Bits and Pieces: Corporate Child Care, Land Regulation, and Thai Canal

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ILLUSTRATION: FOTOLIA/VISUALTEKTUR/MALCHEV
A proposal to dig the Thai canal across the Kra Isthmus using nuclear explosions wasn't warmly received by local residents.

CORPORATE CHILD CARE, a 48-page
report on how capital profits from day care, is available
from the American Friends Service Committee. The booklet
describes how big business makes money from both the
high-priced sale of low-quality service and the use of
cheap female labor. There also is a chapter on alternatives
which includes a list of resources on parent and
teacher-controlled community centers, and materials for use
in non-racist, non-sexist preschools. 

THE NEWSPAPER YOU READ TODAY MAY BE YOUR FOOD
TOMORROW
, according to a Denver University
microbiologist. Dr. Brooks D. Church says that fungi can
turn discarded paper into a protein-rich food supplement
… and the mold produced contains as much as 50 percent
protein. Currently it’s used in animal feed, and–if
approved by federal health agencies–could supplement human
food, Dr. Church says. Fungus has been grown successfully
on the leftovers from paper factories, grain mills and
breweries . . . and even on feed lot cattle wastes and manure.
The Green Giant Company’s Minnesota corn and pea cannery
and an Iowa milling firm are now testing the idea in pilot
plants.

GOVERNMENT REGULATION OF LAND, the United
States’ most basic resource, is gathering momentum from
Washington officials. Congress, backed by the Nixon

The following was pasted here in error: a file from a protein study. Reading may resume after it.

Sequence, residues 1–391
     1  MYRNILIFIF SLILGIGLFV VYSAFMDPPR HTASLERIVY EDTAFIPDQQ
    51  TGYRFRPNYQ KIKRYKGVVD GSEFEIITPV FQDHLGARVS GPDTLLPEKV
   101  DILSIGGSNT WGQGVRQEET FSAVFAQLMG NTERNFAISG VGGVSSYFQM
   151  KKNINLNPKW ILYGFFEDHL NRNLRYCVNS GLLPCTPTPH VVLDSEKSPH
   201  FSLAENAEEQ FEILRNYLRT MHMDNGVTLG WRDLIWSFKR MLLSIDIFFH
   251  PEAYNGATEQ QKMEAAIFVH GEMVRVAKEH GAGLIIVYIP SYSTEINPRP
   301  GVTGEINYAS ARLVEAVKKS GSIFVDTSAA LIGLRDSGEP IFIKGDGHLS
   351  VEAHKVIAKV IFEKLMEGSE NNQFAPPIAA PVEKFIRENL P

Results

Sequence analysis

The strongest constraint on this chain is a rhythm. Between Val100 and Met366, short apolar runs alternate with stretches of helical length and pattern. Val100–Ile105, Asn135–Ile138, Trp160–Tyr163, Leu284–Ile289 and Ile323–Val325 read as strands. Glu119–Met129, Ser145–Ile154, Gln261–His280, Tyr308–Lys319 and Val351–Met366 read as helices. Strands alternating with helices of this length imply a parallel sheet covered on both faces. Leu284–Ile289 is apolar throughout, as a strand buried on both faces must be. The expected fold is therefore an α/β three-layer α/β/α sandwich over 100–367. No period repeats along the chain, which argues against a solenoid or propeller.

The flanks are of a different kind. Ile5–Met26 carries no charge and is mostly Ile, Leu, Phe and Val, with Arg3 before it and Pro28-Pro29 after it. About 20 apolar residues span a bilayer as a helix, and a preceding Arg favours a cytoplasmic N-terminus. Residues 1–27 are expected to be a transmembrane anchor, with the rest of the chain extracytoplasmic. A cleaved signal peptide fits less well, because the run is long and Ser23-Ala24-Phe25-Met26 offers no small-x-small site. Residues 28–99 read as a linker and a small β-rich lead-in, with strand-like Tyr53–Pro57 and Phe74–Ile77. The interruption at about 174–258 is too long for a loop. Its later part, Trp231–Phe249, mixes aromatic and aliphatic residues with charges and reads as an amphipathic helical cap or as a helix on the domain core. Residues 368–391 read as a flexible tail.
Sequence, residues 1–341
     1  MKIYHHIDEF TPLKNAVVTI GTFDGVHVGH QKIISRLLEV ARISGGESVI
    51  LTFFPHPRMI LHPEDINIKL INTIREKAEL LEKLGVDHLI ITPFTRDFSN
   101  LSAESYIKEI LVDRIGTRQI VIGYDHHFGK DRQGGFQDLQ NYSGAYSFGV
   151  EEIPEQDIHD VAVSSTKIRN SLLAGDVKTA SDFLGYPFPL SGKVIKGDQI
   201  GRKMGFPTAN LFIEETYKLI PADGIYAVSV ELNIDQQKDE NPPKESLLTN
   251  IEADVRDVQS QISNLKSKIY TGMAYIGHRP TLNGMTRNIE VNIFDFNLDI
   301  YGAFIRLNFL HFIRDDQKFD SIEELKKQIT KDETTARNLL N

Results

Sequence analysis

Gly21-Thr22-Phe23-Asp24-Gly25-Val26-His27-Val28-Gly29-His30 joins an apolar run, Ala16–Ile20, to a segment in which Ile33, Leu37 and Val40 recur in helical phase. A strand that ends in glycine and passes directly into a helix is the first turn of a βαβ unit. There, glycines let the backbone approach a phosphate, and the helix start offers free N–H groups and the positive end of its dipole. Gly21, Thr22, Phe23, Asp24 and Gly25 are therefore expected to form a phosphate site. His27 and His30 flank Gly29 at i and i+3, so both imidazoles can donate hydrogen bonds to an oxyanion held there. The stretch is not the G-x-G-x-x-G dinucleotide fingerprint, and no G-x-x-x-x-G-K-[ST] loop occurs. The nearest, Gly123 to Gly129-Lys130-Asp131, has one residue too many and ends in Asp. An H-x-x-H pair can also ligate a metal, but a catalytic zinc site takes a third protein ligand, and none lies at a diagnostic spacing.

administration, is trying to establish land regulation measures that could
affect millions of people… what they can do with their
property, where to build or buy new homes, and even where
you can spend your vacation.

There is still an estimated 10 acres for everyone in the
country, but the postwar “baby boom” is causing the
formation of 27,000 new households each week and, in the
next two decades, power plants and transmission lines alone
will take up over 5,000 square miles. Because of this
growth pattern, Hawaii has zoned every foot of its
territory, earmarking sections for urban, rural,
agricultural or conservation uses… California requires
special permits for coastal construction, while Maine,
Vermont, Florida, Washington, and Oregon are trying to pass
laws to control a stampede of land speculators.

The Land Use Policy Act (S. 268), introduced for a second
time by Sen. Henry Jackson, D.-Wash., passed the Senate 64
to 21, but awaits reconciliation with differing House
proposals. If approved, participating states would share
$100 million dollars to set up authorities to inventory land
and resources, regulate sales and developments, control
environmentally sensitive areas, influence locations of new
communities, and keep building in line with pollution laws.

NUCLEAR EXPLOSIONS may be used to blast
away sections of the Kra Isthmus to construct the Thai Canal . . . a
proposed shortcut across Thailand for 500,000-ton tankers carrying oil from
the Middle East to Japan. An estimated 34,000 million cubic
yards of earth will have to be moved during the
construction (compared with 327 million for the Panama
waterway). The use of atomic power is expected to shorten
excavation time from 12 to eight years and reduce costs by
$2 billion dollars. Plans involve using clusters of five
or six devices detonated in salvos for a total of 139
explosions amounting to 41 megatons.

Local residents will have to be evacuated, according to New
Scientist, a London publication, because fallout will
travel more than 350 miles and secondary radiation could
spread as far as 1,600 miles to the west. And what do the
folks who live there think? Chow Chowkwanyum, a key figure
in contract negotiations, complains, “Our problem is
education. People have a particular fear of this type of
device.” Little wonder, Chow, little wonder.